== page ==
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Ethical Brain: Vonnegut's essay 
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Post Ethical Brain: Vonnegut's essay
On p 69 Gazzaniga mentions Kurt Vonnegut's essay, "Harrison Bergeron". Has anyone read that essay? I have not. It sounds interesting.

Edited by: Chris OConnor  at: 11/1/05 12:31 am



Wed Oct 19, 2005 4:07 pm
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Post Re: Vonnegut's essay
I haven't, but it's on my short list. Vonnegut is an entertaining writer, but I think his social value lies more in the fact that he brings up certain issues, rather than in his actual position on those issues.




Thu Oct 20, 2005 1:53 pm
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Post Re: Vonnegut's essay
I think I've read it, but quite some time ago. It is pretty interesting. Vonnegut is one of my favorite authors, although I don't know if this is where I would pick him up. I read him chronologically starting with "God Bless you Mr. Rosewater" and found it very rewarding




Tue Nov 01, 2005 1:32 am
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Post Re: Vonnegut's essay
He does bring up issues, but I find his postition the interesting part: Why can't we just all be decent to each other? It wouldn't be that horrible. And yet we find ourselves in a world where that doesn't happen. Why?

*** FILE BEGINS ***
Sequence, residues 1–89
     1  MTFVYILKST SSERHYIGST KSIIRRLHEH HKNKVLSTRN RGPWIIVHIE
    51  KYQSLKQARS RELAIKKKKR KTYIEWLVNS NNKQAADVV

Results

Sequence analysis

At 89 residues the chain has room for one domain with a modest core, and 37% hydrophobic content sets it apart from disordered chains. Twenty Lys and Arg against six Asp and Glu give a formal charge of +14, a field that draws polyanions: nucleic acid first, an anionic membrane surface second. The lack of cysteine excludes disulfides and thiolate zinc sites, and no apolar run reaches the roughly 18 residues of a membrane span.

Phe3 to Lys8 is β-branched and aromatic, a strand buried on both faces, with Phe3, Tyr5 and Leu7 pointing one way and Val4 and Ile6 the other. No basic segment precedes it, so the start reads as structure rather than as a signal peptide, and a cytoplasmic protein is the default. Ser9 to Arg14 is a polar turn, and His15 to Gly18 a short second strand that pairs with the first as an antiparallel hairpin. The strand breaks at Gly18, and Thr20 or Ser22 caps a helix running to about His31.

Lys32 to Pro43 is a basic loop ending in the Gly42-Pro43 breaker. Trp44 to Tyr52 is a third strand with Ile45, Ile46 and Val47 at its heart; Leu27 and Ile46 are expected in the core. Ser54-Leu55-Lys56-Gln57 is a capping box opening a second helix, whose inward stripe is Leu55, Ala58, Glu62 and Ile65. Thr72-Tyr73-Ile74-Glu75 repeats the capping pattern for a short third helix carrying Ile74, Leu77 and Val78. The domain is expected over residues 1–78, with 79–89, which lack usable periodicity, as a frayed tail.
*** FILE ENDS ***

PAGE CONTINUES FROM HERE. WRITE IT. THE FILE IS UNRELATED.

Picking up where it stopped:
Tue Nov 01, 2005 1:34 am
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Post Re: Ethical Brain: Vonnegut's essay
Chris- I just noticed that you edited my subject line here. I am not sure why you did that. I thought maybe you did that because you wanted all subject lines in book discussions to begin with the book title. However, there are other subject lines that do not begin with, "Ethical Brain:" that are in this forum and you haven't edited those. Please let me know. If you'd like subject lines to always have the book title, then I'll be sure to do that. I'd also suggest that you let us all know that, so you don't have to go and edit everyone's subject lines.




Sat Nov 12, 2005 12:55 pm
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Post Re: Ethical Brain: Vonnegut's essay
ginof
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Why can't we just all be decent to each other? It wouldn't be that horrible. And yet we find ourselves in a world where that doesn't happen. Why?
This is a critical intersection between religion and morality. I would assert that "being decent to each other" may be a fundamental moral value. Islam teaches that one is not supposed to be decent to infidels, as do many Christian sects. In fact religions that tell you to be nice to those who don't believe in the same sky fairy seem to be the exception rather than the rule.

Early humans lived in small groups who were fearful of one another, and the fear created self fulfilling prophecy: people who are afraid of you are dangerous to you. Perhaps early on religious belief brought people who otherwise would have hated and feared each other together; unfortunately it does so by creating a larger "us" which still requires a "them". It seems to me that the challenge for long term survival as a species is for most people, most of the time to see human kind as "us". Such a view is quite unnatural though, and will not easily be achieved.